There are many roads to happiness.

There are many roads to happiness.

But back to today’s theme, which is everything is relative.  The kids do really want a dog.  At least one of them does.  (No longer the kindergartner and second grader!  What to call them now?  Elder and Younger?  Hmmm. . .Younger, with his six-year-old need to feel superior to everyone in all matters of grave importance, namely height, weight, age, grade, how-high-can-you-count and Excellence in Underarm-fart Sound Effects, would not be pleased.  I’ll need to give it some more thought.)

Elder wants a dog, or a cat, and I want a dog and don’t want a cat, and after contemplating getting a horse yesterday, now all of a sudden getting a dog, even a Great Dane, seems like no big deal.  This is a bad sign when I find myself mentally rehearsing my defense.  Calm down!  It’s not like I brought home a horse or something!   It’s more like I brought home a goldfish, relatively speaking

Horse : Great Dane = Great Dane : goldfish.

On a related/unrelated note, I went to EdinaRealty.com this morning, as I am known to do when I should really be cleaning the house I already own, to sort of psych myself up to start picking up (I don’t recommend this strategy) and somehow the price and zip code search filters defaulted to no filter and so the first thing that pops up is a house for Twenty Four Million Dollars.  So naturally a few minutes later it didn’t seem unreasonable at all that I was looking at a house for sale on Lake Harriet Parkway for “only” 1.5 million dollars thinking We just might be able to swing that. . .  Ha.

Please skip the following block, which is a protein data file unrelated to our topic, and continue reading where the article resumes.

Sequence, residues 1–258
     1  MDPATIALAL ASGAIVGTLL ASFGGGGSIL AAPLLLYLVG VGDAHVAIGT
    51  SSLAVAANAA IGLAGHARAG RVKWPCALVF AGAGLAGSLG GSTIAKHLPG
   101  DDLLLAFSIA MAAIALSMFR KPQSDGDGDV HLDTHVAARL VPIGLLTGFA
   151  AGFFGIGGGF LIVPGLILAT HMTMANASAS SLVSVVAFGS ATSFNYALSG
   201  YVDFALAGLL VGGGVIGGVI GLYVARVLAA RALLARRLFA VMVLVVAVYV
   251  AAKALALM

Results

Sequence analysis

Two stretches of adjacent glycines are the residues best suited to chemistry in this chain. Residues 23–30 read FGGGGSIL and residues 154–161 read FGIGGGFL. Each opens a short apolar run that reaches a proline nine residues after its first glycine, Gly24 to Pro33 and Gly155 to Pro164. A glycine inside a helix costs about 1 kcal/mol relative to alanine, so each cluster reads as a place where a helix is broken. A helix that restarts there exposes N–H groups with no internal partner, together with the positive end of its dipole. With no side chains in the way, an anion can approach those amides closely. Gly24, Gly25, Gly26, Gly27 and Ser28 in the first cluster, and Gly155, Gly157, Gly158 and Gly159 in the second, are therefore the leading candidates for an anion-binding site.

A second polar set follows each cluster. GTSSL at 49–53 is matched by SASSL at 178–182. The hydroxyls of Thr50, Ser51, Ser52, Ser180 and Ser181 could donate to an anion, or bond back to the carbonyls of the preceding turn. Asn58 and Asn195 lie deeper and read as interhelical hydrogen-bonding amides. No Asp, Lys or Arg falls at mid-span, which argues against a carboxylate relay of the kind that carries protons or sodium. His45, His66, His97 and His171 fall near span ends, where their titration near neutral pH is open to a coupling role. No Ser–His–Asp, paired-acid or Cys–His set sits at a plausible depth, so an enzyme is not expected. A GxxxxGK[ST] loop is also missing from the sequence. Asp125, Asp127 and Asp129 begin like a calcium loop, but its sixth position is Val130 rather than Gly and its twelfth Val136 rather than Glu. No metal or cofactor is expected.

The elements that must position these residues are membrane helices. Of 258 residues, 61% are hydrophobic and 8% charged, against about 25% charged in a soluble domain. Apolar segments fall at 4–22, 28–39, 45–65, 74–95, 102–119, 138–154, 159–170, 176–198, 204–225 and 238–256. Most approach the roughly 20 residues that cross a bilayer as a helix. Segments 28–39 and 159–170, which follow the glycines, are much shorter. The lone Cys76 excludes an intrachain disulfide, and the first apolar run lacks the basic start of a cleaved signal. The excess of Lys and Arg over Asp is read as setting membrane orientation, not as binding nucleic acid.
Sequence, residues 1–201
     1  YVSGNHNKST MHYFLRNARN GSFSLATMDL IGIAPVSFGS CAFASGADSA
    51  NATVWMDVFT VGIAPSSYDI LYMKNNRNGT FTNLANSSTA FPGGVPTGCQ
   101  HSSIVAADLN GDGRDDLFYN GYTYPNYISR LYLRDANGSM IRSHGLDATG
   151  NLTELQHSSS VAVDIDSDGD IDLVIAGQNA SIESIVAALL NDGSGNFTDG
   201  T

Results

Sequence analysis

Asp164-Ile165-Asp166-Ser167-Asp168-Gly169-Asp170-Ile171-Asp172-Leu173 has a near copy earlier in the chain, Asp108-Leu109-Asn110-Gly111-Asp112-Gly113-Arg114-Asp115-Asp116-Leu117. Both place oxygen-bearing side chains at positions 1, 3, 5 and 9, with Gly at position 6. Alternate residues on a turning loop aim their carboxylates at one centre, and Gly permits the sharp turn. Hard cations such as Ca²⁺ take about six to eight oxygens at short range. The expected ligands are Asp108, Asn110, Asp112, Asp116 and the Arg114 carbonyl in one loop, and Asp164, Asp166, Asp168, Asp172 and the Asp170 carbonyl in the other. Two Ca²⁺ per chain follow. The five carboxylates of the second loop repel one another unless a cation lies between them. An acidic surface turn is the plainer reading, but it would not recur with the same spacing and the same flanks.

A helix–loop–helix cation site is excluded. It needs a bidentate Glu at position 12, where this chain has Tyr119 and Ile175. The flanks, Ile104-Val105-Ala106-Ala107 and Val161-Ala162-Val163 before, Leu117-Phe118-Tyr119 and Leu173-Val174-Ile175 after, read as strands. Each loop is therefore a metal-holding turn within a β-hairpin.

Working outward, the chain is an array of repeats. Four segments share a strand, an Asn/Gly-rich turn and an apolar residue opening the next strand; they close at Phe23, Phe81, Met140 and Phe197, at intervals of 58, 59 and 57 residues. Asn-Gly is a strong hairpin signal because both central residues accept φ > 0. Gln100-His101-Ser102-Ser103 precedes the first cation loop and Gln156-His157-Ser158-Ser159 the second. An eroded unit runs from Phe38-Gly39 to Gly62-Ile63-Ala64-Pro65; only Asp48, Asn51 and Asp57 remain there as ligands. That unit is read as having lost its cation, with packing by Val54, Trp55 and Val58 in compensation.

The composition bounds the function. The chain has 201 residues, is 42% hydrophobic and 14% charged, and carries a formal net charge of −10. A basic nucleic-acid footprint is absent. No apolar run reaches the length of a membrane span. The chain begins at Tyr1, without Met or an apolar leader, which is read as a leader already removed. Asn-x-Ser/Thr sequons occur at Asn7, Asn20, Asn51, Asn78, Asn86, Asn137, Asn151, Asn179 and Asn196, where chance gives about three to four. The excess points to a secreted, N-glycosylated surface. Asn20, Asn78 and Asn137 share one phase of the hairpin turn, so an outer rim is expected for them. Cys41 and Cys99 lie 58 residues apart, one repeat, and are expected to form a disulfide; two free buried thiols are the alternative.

Takeaway for today (which I realize may not be exactly jumping out at you, because I have invited myself to post stuff that feels less than stellar/not very good at all rather than polish to perfection until I regain my full faculties because frankly depression causes considerable cognitive distortion such that I can’t tell the difference anyway) is that you will be no more or no less happy whether you are living in your current house with no pet, or in a mansion with a large fun animal, or any combination thereof.  Also you should be glad you have any house at all, because many people do not, even if they sometimes do still have a dog, like that one guy with the sign at the 35W onramp. ( I’m sorry.  That was inappropriate.  But my need to be funny sometimes overpowers my appropriateness.  It’s the depression talking.)   Just a reminder.  But doesn’t just reading “large fun animal” kind of lift your spirits?)

Zeus_AP

This photo kind of ruins the whole mathematical analogy thing.

I’m getting a horse!

I know!  You can hardly believe it either, right?

But there I was this morning, just like an hour ago, when it all happened.  I jumped online for a quick sec to check a class offering through the University of Minnesota Center for Spirituality and Healing, and it was like a horse just fell into my lap.  (I know!!)